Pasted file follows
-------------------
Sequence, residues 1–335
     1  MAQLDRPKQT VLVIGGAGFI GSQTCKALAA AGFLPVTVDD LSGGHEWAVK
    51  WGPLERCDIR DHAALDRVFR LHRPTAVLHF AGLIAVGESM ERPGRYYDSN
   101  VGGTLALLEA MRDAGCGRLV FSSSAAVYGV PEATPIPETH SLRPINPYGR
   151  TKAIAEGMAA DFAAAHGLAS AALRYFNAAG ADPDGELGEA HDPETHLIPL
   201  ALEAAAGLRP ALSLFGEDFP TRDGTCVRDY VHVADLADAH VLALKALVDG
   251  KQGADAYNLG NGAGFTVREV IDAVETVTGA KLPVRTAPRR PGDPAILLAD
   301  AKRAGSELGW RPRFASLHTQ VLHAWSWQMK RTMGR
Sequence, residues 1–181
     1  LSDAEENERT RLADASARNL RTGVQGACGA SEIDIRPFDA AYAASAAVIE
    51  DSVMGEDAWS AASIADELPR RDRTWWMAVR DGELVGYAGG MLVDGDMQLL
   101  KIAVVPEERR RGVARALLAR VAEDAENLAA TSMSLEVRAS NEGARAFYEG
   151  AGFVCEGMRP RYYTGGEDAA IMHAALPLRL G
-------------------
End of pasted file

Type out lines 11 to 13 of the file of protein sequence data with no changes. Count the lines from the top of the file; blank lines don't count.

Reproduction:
    51  DSVMGEDAWS AASIADELPR RDRTWWMAVR DGELVGYAGG MLVDGDMQLL
   101  KIAVVPEERR RGVARALLAR VAEDAENLAA TSMSLEVRAS NEGARAFYEG
   151  AGFVCEGMRP RYYTGGEDAA IMHAALPLRL G